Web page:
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1. An initialism of "did not qualify," referring to someone who failed to qualify to participate in some activity, especially a sporting event. Often used informally as a verb. Their top athlete DNQ due to an injury. The NASCAR driver DNQ'd at Talladega after the front wheel came off his car.
2. An initialism of "do not quote," used in science fiction/fantasy fandoms to refer to content not intended to be distributed. Used especially in the context of fanzines and fan ezines. Although the document had been marked DNQ, it became widely distributed among local sci-fi clubs in the greater Bay Area. There are several notes for the ezine editor that are DNQ—make sure no one sees them but her!
An initialism of "do not use," used in reference to workers in a certain field who have been blacklisted by an employer or group of employers. Often used informally as a verb. After getting lots of complaints from patients about inappropriate behavior, the nurse was marked as DNU across the local healthcare sector. I got DNU'd after I refused to sign the newspaper's nondisclosure agreement and went public with the story.
euphemism Fucking. Based on a spelling of the letter "F," which is used to abbreviate "fuck." I don't want to scream at you in front of the kids, so you better get out of this effing house right now. Quit effing around, you two!
rude slang Engaging in aimless recreation or frivolous time-wasting; fooling around. "Eff" is a euphemism for "fuck." I can't believe we spent the whole day just effing around online.
To draw an ex (X) or series of exes over some written word or name so as to designate its removal or need to be disregarded. A noun or pronoun can be used between "ex" and "out." A: "Why is Amy's name exed out?" B: "Because she's not coming on the field trip anymore." Just ex out all of the words that you feel need to be deleted in the next draft.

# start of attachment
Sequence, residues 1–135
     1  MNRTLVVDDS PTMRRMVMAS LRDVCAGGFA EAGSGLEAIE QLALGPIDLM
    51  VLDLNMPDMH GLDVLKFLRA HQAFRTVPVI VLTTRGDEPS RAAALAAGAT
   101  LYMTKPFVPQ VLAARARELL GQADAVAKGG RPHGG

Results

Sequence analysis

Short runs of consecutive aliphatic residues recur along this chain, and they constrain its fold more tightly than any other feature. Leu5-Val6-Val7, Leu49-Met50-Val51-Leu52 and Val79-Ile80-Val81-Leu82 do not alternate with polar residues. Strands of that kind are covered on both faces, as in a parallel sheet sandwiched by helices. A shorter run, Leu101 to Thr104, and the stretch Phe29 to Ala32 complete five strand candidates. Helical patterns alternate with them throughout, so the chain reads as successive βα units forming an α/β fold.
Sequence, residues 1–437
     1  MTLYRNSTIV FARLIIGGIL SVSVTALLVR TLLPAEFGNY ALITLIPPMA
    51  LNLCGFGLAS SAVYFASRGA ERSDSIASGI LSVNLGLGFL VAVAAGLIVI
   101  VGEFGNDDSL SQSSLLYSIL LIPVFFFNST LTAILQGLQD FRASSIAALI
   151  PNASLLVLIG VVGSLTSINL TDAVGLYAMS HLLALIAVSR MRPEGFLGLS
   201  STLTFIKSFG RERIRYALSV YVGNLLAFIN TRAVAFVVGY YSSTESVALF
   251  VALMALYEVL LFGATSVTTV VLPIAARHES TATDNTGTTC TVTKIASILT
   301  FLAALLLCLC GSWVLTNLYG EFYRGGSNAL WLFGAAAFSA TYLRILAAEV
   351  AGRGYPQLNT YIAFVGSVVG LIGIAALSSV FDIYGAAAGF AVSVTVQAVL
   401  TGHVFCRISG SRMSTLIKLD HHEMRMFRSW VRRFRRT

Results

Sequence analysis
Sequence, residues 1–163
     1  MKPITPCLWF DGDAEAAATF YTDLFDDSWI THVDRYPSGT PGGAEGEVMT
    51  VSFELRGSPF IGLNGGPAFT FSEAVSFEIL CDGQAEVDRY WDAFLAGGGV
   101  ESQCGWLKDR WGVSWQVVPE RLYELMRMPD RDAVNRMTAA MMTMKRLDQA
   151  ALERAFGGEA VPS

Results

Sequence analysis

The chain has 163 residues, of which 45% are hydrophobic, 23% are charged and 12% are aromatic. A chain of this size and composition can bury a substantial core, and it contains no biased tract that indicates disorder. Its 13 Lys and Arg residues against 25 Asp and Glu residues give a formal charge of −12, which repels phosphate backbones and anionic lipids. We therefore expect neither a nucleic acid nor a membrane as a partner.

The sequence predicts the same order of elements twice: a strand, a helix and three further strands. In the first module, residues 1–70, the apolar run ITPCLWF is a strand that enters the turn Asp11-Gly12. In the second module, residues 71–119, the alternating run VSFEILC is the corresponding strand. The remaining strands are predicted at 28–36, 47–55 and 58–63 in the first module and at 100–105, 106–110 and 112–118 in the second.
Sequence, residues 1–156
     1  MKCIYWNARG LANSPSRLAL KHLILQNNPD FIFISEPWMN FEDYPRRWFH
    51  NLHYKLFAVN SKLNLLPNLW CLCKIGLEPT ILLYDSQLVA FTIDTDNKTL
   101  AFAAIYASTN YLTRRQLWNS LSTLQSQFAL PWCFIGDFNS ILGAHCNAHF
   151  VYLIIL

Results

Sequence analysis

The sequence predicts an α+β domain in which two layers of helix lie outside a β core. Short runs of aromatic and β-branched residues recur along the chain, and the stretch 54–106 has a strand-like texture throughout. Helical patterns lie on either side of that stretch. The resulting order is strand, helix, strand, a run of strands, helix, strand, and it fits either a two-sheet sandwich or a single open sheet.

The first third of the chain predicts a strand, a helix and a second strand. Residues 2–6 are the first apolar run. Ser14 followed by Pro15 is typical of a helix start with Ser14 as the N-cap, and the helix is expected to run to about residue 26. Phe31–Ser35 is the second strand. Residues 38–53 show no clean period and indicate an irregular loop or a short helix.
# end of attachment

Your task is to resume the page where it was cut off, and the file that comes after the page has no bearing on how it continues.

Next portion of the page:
1. slang A phonetic spelling of "KO," an initialism for "knockout," a victory in boxing in which one's opponent is knocked to the mat and unable to rise within a specific amount of time. He's strong, but he lacks stamina. He'll try to win with a kayo in the early rounds, but if you can avoid his punches, you'll be able to tire him out. She's got more kayos than any other boxer in history.
2. verb, slang To achieve a victory by knockout. He kayoed his opponent in just 45 seconds. Don't worry about kayoing him—focus on your jabs, blocks, and footwork.
3. verb, slang To render someone unconscious. Be careful drinking that stuff. It'll kayo you! Sorry for not calling you back. I sat down after getting home from that hike and was instantly kayoed. He kayoed Jeff with a single punch to the head.
1. noun, slang An initialism for "knockout," a victory in boxing in which one's opponent is knocked to the mat and unable to rise within a specific amount of time. He's strong, but he lacks stamina. He'll try to win with a KO in the early rounds, but if you can avoid his punches, you'll be able to tire him out. She's got more KOs than any other boxer in history.